This report focuses on the impact of Brexit on different groups of people, in other words, the 'social impact' of the UK's decision to leave the European Union.
However, the research is especially interested in the impact of Brexit on people in society who possess less privilege, power and capital, due to their experiences of structural inequality, exclusion and discrimination. For that reason, this research will focus on the experiences of 'equalities groups' in Scotland, and the ways they may be affected by Brexit.
Equalities groups describe key groups of people who are most likely to experience discrimination and inequality based on their personal characteristics, and whose rights are protected under the Equality Act (2010). This Act covers everyone in the UK, and is intended to protect people from discrimination, harassment and victimisation.
There are 9 'protected characteristics' under the Equality Act:
- Gender reassignment
- Marriage and civil partnership
- Pregnancy and maternity
- Religion or belief
- Sexual orientation
Given these protected characteristics, we can therefore surmise that individuals and groups whose rights are directly covered under the Equality Act include:
- Children and young people
- Older people
- Disabled people
- People with long-term health conditions
- Lesbian, gay, bisexual, transgender, intersex and asexual (LGBTIA) people
- Non-binary people
- People who are married or in a civil partnership
- Pregnant women and mothers
- Minority Ethnic communities
- Refugees and asylum seekers
- Gypsies / Travellers
- Faith or religious communities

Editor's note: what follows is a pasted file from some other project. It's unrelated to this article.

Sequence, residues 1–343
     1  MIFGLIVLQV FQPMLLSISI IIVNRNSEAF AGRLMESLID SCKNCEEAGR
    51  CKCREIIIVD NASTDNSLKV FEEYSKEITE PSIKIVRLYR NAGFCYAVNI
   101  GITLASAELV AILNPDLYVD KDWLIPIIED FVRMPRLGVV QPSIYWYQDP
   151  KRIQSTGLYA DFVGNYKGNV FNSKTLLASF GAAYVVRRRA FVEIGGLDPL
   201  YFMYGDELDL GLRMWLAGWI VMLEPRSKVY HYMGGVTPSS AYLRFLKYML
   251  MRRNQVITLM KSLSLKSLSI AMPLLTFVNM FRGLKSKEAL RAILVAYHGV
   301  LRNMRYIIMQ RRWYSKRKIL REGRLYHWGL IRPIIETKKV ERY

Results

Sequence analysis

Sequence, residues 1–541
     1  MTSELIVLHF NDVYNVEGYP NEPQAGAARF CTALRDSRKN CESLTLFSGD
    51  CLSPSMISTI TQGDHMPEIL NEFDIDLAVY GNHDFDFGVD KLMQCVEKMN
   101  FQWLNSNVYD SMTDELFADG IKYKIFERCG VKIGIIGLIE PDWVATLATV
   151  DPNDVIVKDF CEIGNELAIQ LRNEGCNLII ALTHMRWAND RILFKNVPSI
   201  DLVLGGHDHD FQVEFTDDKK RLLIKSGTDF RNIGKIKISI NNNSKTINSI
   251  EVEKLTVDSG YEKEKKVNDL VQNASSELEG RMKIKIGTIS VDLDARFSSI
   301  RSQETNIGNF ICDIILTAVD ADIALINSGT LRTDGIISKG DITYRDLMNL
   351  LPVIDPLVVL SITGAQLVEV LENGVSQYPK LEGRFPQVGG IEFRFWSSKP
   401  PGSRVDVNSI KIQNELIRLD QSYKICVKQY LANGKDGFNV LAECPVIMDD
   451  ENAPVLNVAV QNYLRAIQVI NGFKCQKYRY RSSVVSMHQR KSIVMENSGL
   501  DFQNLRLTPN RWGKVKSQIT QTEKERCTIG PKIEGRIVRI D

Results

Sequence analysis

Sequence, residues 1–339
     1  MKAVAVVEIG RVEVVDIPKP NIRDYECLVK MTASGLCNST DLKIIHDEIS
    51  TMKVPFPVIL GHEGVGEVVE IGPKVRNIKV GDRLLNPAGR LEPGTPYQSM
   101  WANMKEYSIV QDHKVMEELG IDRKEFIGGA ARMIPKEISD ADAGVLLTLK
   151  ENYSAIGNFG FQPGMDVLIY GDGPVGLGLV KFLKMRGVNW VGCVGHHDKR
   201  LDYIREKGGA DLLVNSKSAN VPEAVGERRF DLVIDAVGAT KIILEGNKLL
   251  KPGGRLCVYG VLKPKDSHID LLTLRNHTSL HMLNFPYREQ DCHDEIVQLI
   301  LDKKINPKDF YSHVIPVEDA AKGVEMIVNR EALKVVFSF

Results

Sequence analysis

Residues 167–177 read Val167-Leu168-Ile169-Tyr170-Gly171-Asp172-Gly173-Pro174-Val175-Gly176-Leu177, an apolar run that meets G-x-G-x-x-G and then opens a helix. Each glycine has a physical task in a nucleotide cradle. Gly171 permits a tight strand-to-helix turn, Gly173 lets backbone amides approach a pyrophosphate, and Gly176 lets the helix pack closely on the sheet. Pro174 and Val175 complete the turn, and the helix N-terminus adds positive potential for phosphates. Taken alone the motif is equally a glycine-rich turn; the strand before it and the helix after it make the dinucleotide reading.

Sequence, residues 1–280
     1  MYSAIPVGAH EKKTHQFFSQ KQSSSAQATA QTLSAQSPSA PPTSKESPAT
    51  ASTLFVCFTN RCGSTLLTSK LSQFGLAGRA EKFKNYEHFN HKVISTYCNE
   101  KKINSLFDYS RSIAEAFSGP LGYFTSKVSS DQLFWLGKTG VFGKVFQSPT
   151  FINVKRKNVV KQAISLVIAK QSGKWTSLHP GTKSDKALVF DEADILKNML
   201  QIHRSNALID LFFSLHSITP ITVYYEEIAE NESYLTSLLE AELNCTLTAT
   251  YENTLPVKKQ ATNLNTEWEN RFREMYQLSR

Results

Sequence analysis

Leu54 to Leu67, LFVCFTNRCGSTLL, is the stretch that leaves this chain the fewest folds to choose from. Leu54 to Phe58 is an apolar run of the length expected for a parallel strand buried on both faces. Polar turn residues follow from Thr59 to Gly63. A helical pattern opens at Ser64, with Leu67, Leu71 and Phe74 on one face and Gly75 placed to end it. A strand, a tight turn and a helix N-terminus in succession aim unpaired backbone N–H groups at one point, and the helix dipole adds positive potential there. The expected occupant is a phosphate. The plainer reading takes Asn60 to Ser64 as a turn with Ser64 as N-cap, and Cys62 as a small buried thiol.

Yet, individuals or communities may also face discrimination or exclusion on the basis of other personal characteristics that are not designated as 'protected' under this act. In particular, people may face inequality or discrimination as a result of their upbringing, socio-economic status, housing status, immigration status, experience of social services, or geographical location. For that reason, this report suggests that we widen our understanding of 'equalities groups' to include the following groups of people:
- People on low incomes / socio-economically disadvantaged
- People with a migrant background (including EU nationals)
- People with care-experience
- People with caring responsibilities
- People in specific locations (such as remote and rural areas)
- People with substance abuse/addiction problems
- Homeless people
In this broader understanding, equalities groups can therefore be defined as people or communities who face inequality, discrimination or social exclusion due to their protected or other personal characteristics.
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